Wednesday, 25 March 2009
Sunday, 22 March 2009
And the embed link facility doesn't appear to work either.
Wednesday, 18 March 2009
Saturday, 14 March 2009
Friday, 13 March 2009
The one hour visiting time wasn't really enough, but it was well worth all the extra hours of travelling. On the journey home we added several more canal crossings to our list, including the Stratford, the Oxford, and the K & A.
Thursday, 12 March 2009
At Hillmorton Locks there were plenty of boats on the move, but we made rapid progress. As we headed towards Braunston, I had a phone call I'd been waiting for: my sister has had a little girl, so I'm an uncle!
We stopped just before Braunston for lunch, just after a shower passed through. By the time we started moving again it was dry, but still cloudy and quite cold. But soon we could see the edge of the cloud, with blue skies beyond, and before long we were in sunshine. We turned right at Wigram's Turn, and moored on the water point at Calcutt Top Lock. While the tank filled, we washed on side of the boat. When we were ready to go down the locks, a boat was coming up. It turned out to be Chris and his crew on Slow Pace, who've been blogging their build. It was good to meet and have a chat, having followed the blog.
It was turning into a lovely sunny evening as we went down the locks and carried on to just before Stockton Top, where we moored up for the night and washed the other side of the boat and the roof.
19 miles, 6 locks. (120, 14)
Wednesday, 11 March 2009
Tuesday, 10 March 2009
Monday, 9 March 2009
Sunday, 8 March 2009
As the scenery deteriorated towards Hinckley, so did the weather, and we had the first of several showers. But the rain was never heavy, and we pressed ahead. Just after Hinckley we passed Gypsy Rover, and Dot emerged from the cratch to shout hello, and tell us about the unfortunate leak in their calorifier.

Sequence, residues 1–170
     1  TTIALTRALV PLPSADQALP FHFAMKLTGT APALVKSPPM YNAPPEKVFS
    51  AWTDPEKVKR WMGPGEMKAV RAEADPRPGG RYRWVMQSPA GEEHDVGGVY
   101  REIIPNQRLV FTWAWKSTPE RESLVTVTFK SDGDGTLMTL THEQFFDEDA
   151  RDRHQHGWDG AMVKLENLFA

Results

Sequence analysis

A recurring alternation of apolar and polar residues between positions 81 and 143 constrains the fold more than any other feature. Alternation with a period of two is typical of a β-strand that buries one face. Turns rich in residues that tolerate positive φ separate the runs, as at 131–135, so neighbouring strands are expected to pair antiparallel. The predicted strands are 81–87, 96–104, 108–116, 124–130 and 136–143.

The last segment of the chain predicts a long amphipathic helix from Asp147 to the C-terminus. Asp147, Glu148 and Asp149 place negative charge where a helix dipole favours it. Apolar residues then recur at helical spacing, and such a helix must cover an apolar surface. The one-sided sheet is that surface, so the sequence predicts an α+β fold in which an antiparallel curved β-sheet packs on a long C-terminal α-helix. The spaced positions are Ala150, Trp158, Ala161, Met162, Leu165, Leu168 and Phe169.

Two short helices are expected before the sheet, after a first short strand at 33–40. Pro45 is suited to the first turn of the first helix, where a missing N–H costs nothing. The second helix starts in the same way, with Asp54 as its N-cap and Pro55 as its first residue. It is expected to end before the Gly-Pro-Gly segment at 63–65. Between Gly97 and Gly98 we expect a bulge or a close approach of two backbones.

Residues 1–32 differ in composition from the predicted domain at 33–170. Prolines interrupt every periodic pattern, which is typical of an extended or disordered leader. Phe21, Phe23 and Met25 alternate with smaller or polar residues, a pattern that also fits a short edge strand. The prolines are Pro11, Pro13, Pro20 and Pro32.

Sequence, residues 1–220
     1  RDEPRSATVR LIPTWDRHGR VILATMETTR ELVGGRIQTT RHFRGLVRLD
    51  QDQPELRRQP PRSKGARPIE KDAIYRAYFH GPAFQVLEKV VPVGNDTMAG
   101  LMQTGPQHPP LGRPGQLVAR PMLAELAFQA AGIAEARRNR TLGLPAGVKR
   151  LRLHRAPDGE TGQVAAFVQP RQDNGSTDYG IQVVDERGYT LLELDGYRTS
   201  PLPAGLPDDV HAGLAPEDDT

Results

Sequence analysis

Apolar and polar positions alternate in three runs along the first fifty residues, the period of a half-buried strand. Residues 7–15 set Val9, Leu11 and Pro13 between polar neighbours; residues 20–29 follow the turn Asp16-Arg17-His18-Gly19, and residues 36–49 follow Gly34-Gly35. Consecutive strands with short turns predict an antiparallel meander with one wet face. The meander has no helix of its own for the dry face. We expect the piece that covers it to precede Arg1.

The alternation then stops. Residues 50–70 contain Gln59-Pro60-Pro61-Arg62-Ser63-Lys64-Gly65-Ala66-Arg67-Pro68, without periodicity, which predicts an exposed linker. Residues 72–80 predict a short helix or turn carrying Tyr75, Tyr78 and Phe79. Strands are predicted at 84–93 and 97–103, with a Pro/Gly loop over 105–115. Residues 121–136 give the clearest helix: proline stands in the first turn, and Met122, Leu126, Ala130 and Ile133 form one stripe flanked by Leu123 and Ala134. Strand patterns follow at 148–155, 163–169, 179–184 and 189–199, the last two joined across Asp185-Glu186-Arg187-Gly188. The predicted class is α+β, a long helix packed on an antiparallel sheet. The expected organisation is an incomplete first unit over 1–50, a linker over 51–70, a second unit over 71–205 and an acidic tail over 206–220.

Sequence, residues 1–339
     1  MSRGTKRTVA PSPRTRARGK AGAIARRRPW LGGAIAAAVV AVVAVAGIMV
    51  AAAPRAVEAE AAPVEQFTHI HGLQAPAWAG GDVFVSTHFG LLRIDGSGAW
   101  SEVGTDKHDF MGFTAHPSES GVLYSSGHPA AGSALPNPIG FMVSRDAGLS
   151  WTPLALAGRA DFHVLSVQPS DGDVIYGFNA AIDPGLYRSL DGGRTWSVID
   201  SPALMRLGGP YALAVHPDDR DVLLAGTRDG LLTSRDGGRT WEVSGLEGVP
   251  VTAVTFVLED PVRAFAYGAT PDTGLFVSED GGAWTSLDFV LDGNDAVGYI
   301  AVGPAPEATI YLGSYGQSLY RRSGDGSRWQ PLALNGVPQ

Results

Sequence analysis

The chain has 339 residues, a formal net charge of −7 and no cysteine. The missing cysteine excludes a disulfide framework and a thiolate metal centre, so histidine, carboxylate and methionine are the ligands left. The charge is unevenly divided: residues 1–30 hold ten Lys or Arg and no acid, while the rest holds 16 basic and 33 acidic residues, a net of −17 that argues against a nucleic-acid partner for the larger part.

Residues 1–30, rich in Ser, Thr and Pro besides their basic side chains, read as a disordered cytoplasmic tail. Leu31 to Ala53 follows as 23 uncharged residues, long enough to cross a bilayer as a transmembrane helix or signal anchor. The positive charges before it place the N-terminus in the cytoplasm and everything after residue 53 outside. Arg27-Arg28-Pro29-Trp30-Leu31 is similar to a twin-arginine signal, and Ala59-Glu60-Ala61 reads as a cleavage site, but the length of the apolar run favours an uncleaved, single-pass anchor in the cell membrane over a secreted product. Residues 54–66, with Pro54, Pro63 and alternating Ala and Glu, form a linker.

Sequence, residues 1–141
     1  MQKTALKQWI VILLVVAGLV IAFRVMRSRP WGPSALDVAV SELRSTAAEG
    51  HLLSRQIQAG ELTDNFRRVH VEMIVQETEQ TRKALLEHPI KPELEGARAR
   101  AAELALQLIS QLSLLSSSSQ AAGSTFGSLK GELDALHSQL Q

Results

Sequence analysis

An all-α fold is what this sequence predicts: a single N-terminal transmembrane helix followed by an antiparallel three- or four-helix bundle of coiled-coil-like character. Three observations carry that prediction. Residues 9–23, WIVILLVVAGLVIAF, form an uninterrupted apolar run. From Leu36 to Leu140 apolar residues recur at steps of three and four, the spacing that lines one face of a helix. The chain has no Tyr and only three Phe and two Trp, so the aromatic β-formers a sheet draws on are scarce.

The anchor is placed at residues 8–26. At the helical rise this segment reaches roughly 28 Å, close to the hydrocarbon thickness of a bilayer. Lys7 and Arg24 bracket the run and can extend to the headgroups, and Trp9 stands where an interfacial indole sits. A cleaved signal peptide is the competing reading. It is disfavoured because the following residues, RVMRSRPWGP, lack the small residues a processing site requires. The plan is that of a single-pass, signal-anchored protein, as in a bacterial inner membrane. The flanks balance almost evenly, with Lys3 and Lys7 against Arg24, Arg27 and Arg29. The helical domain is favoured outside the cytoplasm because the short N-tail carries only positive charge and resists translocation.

In the afternoon, we had almost every type of weather imaginable, sometimes all together. At one point, my face was being stung by hail stones, while up ahead was blue sky and white fluffy clouds.
As the day went on, the wind got up and it was cold. But there were still things of interest, including the steam railway at Shakerstone, where there seemed to be an engine in steam, if not actually moving.
We ended the day just before 5pm a few hundred yards before Snarestone Tunnel, and about a mile short of the current end of the canal. We'll do the last mile in the morning, before turning round and heading back.
24 miles, 0 locks. (54, 7)
Saturday, 7 March 2009
As we’d spent so long on the water point, we had lunch on the move through Rugby. Then we made a brief stop at Newbold to go to the Co-op. Ten Bob Note was moored there. We reached Ansty at about 4pm, but there were no moorings available. We spotted our third blogger of the day, Pickles No2, resplendent in newly applied green paint. Because of the lack of moorings, and with it still being relatively early, we decided to carry on to Hawkesbury Junction. The lock was in our favour, and Adrian did a skilful 180 degree turn through the bridge.
Now in spite of all the things Hawkesbury Junction has in its favour -- the lock, the bridges, the pump house -- I still don't like it much. It's probably because of the electricity sub-station, the pylons, the M6, the modern housing, and the scrub land between the two canals. It's no Fradley, and not even a Fazeley. Still, we're much further ahead than we thought we would be, so it's good to be here.
Friday, 6 March 2009
While we were in the bottom lock, a boat left the wharf and joined the Kate boat, so everyone was neatly paired up.
We turned left at Wigram's Turn, and made good progress. It was 5pm when we reached Braunston Junction, and turned left again. We moored up shortly afterwards in a very quiet spot just beyond Bridge 88.
9 miles, 3 locks.
Tuesday, 3 March 2009
Monday, 2 March 2009
From the other side of the bridge, we could see why: a team of workers were building a wall which leads to a brand new lock, put in to restore the water to its original level. The lock hasn't yet got any gates.
As the towpath in that direction was blocked by the work, we walked the other way, reaching the Drungewick Aqueduct before turning around.